Guadalajara en verano [Guadalajara in Summertime]


(Prods. Bueno, 1964) Prod: José Luis Bueno; Dir: Julio Bracho; Scr: Adolfo Torres Portillo; Photo: Alex Phillips; Music: Manuel Esperón; Assoc Prod: Y. Xavier Torres L. de Guevara; Prod Chief: Alberto A. Ferrer; Asst Dir: Julio Cahero; Film Ed: Jorge Bustos; Art Dir: José Rodríguez Granada; Makeup: Sara Mateos; Sound: Jesús González Gancy; Choreog: Cuca García Brambila; EASTMANCOLOR

CAST: Elizabeth Campbell (Peggy), Xavier Loyá (Javier), Claudio Brook (Prof. Fernando Luna), Alicia Bonet (Lourdes), Patty Hobbs (Susan Woodbridge), David Reynoso (Pepe), Lynn Karol (Monica Foster), Enrique Rocha (Juan), Claudia Nicol (Claudia), Dean Reed (Robert Douglas), María del Carmen Rodríguez Morquecho "Almendrita" (Laura), Fernando Soto "Mantequilla" ("Chinto" (Jacinto)), Andrea Palma (doña Josefina Rosas), Emma Roldán (dóna Lucrecia), Lola Casanova (singer), Enrique Díaz Indiano (priest)

NOTES: this is a mildly entertaining romance with heavy doses of travelogue-type footage of Guadalajara and other locations in the state of Jalisco (such as Lake Chapala). Producer José Luis Bueno later made two other, similar, films: Cuernavaca en primavera (Cuernavaca in Springtime) and Los angeles de Puebla (The Angels of Puebla). All three features had multiple plot-lines and a lot of cinematic sightseeing.

Despite the ensemble cast, top-billed Elizabeth Campbell is given a great deal of attention (even the movie's poster features a full-length image of her in a bikini). While some of the foreign performers seem to be dubbed, it's very difficult to say if Campbell was or not. She seems to be doing her own dialogue, and very well indeed. Campbell is showcased in a variety of low-cut dresses and a revealing red and white bikini, and her portion of the "plot" is slightly more involved than some of the others.

The rest of the cast is satisfactory. Among the trivia notes: Claudio Brook appears with his future wife, Alicia Bonet, and Andrea Palma is the sister of director Julio Bracho. Dean Reed, who had a sporadic career in Hollywood and international cinema as a singer and actor, later developed leftist political views and spent the rest of his career working in Socialist countries (Dean Reed, American Rebel is a documentary about his life).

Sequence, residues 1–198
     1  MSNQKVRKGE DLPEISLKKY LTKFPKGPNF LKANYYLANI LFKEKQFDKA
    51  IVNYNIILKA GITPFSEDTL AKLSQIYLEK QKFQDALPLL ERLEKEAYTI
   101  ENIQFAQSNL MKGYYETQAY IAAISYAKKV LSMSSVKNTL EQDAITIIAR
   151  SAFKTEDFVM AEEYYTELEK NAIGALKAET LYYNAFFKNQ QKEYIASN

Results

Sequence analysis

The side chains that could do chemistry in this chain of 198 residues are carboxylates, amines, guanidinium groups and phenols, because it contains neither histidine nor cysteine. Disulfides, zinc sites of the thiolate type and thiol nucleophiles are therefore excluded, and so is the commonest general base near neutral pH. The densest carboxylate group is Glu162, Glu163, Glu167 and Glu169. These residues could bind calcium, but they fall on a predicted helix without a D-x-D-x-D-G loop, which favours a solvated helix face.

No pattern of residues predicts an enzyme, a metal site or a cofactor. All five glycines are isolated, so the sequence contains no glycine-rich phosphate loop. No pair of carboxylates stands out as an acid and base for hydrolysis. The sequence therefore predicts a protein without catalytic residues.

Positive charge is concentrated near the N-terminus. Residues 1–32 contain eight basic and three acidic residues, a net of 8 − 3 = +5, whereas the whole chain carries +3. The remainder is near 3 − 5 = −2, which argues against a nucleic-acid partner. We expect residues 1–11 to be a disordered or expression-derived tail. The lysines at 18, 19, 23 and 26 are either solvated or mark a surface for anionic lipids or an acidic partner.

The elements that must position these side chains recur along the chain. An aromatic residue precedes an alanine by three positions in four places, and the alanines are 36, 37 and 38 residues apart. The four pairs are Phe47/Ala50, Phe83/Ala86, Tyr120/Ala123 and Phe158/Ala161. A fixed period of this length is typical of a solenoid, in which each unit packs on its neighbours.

Guadalajara en verano follows the adventures of a group of visitors to that city: Peggy, Susan, and Robert are American students attending the summer school there; Claudia is a French architecture student; Monica is a divorcee who is writing an article for the "Los Angeles World." This group meets up with Professor Fernando Luna (who pairs off with Monica), charro Pepe (who captivates Peggy, since she loves the charros in Mexican movies!), rich playboy Javier (who has a stormy relationship with Claudia), Pepe's sister Lourdes (teamed up romantically with Robert). Also in the mix are acting student Juan (brother of Pepe and Lourdes, he loses Peggy to his more macho brother), Lourdes' younger sister Laura, hansom cabbie Chinto, and elderly landladies doña Josefina and doña Lucrecia.

At the end of the summer, Fernando proposes to Monica, Robert proposes to Lourdes, and Pepe proposes to Peggy (although he apparently agrees to go back to Oregon with her, rather than staying in Mexico). The romance between Javier and Claudia is left unresolved. The end of the film reverses the opening, as the principals depart from Guadalajara via bus, train, and airplane.

Guadalajara en verano isn't a very deep or serious film; all of the protagonists (except Chinto and the two old ladies) are upper middle class or above. Pepe the charro is actually a rich young man who is dedicated to preserving this tradition, rather than someone who works for a living. Claudia asks Javier why he doesn't "study" (he says he's almost qualified to be a pilot), but not why he doesn't work (he's obviously rich: Peggy, jealous of Pepe's attentions to Claudia, goes with Javier to his house in Chapala, a mansion with a huge indoor swimming pool). Most of the relationships are reasonably innocent and decorous: early in the film, Juan tries to kiss Peggy, but she stops him. Later, when Peggy goes off with the womanizer Javier (despite Lourdes' warning that "he's alone in his house"), all of the other couples "coincidentally" show up to protect her virtue. Only Javier is portrayed as having somewhat less than honest intentions (in one scene, a priest criticizes his playboy morals), but even he reforms by the conclusion and proposes marriage to Claudia.

There are plenty of shots of Guadalajara's streets, parks, museums, fountains, etcetera, as well as some "folkloric" musical interludes featuring a child's chorus, a brass band, mariachis, dancers, and singer Lola Casanova. Professor Luna explains that slavery was abolished in Mexico in the early 19th century ("50 years before Lincoln?" Monica asks), and criticizes gringos who only know their own nation's history and are ignorant of great liberators like Hidalgo, Bolivar, Morelos, and so on. "Well that's what the summer school is for," Monica retorts. There is also a rather bizarre scene in which Juan does the "To be or not to be" soliloquy from "Hamlet" during a rehearsal for the play, and Dean Reed later sings "Don't Tell Him No" (to the tune of "When the Saints Go Marching In") as the young people do the twist on the beach.

Overall, Guadalajara en verano is a glossy piece of promotional froth, but it does feature some spectacular views of Elizabeth Campbell, and also contains some interesting commentary on Mexican images of estadounidenses (U.S. citizens).



Posted 25 June 1999 by dw45@umail.umd.edu

Vid cap added 12 Feb 2001.

Back to the Elizabeth Campbell Filmography